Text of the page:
BEIJING, PEOPLE’S REPUBLIC OF CHINA – More than one million people living in the coastal areas of the People’s Republic of China (PRC) could be displaced, with a landmass four times the size of Hong Kong, China submerged by 2050, if the country does not take action to prepare for rising sea levels and more intense cyclones, a new report from the Asian Development Bank (ADB) warns.
The report estimates that climate proofing of all infrastructure in the PRC, including roads and drainage, would cost up to $44 billion per year between 2010 and 2050.
“Protecting the PRC’s coastal areas by building dikes and upgrading port facilities makes economic sense. The costs of preparing for, and protecting against, climate-related events are much lower than the damage that would be caused without adaptation efforts,” said Jörn Brömmelhörster, Principal Economist in ADB’s East Asia Department and one of the main authors of Economics of Climate Change in East Asia.
Severe weather related to climate change will intensify, with once-in-20-years flooding predicted to occur as frequently as every four years by 2050. When combined with rising sea levels, this is expected to submerge 4,000 kilometers of PRC’s coastline, forcing many people to move and wreaking havoc on infrastructure and agriculture. The report notes that the international port cities of Shanghai and Tianjin and the economic powerhouse provinces of Guangdong and Jiangsu are highly vulnerable.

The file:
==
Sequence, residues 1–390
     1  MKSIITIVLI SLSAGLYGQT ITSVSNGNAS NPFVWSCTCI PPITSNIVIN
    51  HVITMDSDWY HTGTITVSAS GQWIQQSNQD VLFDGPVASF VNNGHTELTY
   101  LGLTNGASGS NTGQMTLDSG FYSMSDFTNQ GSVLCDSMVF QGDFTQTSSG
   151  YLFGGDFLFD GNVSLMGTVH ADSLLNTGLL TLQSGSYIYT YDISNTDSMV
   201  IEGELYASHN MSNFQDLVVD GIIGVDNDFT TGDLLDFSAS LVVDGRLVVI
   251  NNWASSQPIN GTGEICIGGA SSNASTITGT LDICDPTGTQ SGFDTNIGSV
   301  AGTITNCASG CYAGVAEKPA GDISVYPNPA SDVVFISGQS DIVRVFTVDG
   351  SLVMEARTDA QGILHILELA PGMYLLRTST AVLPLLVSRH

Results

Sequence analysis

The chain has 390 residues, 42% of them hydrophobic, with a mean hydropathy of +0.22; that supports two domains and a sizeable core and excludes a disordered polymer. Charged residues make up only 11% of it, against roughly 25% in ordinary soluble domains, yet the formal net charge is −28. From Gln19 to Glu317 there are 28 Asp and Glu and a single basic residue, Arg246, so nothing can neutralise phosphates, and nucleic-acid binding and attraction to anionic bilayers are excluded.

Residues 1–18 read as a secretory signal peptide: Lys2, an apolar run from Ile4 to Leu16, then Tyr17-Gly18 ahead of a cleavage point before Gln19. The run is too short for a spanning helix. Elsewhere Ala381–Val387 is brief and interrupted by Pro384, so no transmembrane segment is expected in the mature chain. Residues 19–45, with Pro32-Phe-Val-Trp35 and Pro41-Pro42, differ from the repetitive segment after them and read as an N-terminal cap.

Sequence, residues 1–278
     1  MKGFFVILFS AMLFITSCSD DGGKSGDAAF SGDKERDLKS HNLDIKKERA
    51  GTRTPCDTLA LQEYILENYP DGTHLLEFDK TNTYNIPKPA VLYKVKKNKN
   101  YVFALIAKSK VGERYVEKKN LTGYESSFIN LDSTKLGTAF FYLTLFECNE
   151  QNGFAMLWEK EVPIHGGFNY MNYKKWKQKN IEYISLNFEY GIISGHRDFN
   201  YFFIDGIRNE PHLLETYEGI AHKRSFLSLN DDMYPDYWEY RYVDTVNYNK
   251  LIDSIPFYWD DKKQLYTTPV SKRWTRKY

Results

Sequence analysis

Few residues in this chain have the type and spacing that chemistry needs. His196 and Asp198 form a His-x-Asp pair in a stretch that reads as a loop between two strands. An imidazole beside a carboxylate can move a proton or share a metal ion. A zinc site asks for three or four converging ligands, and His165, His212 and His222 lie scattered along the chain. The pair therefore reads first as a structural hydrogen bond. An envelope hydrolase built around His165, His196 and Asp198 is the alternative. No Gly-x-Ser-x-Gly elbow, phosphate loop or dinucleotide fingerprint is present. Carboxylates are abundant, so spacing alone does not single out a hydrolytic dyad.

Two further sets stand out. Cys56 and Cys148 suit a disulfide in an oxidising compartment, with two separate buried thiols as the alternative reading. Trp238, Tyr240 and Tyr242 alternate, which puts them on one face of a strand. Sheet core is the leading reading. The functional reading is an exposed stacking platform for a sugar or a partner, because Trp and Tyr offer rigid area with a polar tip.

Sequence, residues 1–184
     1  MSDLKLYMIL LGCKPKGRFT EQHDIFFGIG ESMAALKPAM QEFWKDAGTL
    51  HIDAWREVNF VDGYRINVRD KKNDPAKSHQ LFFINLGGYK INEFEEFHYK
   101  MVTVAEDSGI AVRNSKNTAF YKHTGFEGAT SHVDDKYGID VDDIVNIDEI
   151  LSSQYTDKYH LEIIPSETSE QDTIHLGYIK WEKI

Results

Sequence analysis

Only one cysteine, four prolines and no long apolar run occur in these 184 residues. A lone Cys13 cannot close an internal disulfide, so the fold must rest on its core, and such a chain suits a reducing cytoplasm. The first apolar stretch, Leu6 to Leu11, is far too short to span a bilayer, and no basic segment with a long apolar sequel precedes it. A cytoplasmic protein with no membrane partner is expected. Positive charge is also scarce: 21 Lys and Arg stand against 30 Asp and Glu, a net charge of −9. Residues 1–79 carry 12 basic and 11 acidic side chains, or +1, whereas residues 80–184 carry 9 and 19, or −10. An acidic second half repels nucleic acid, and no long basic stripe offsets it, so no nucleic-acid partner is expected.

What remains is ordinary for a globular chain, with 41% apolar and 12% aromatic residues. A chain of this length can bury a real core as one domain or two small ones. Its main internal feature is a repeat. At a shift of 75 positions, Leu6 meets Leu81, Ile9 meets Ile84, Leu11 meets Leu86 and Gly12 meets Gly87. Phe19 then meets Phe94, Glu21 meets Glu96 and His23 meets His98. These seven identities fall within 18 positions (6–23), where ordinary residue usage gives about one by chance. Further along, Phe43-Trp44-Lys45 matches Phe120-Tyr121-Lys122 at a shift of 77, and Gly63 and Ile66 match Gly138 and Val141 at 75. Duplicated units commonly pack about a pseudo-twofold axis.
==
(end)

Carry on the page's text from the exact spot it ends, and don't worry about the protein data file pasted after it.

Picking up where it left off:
The costs of adaptation depend on the extent of the change in the climate. Under the most severe scenario, coastal adaptation costs in the PRC are projected to reach an average of $3.4 billion every year – comprising $2.8 billion for building sea dikes and $379 million for port upgrades - just a fraction of the country’s gross domestic product.
In the agriculture sector, the report says total crop production may decline 10% under the driest scenario, and increase 1.6% in the wettest climate scenario.
The PRC, which generates 24% of the world’s greenhouse gas emissions, needs to shift toward a model of economic growth focused on low-carbon emissions and higher energy efficiency. The report projects that the PRC could reduce emissions by up to 43% by 2030 if mitigation measures are implemented without delay.
The Economics of Climate Change in East Asia report was written by experts from more than 10 leading universities and think tanks in Asia, North America, and Europe, drawing on the best available databanks and models on climate change.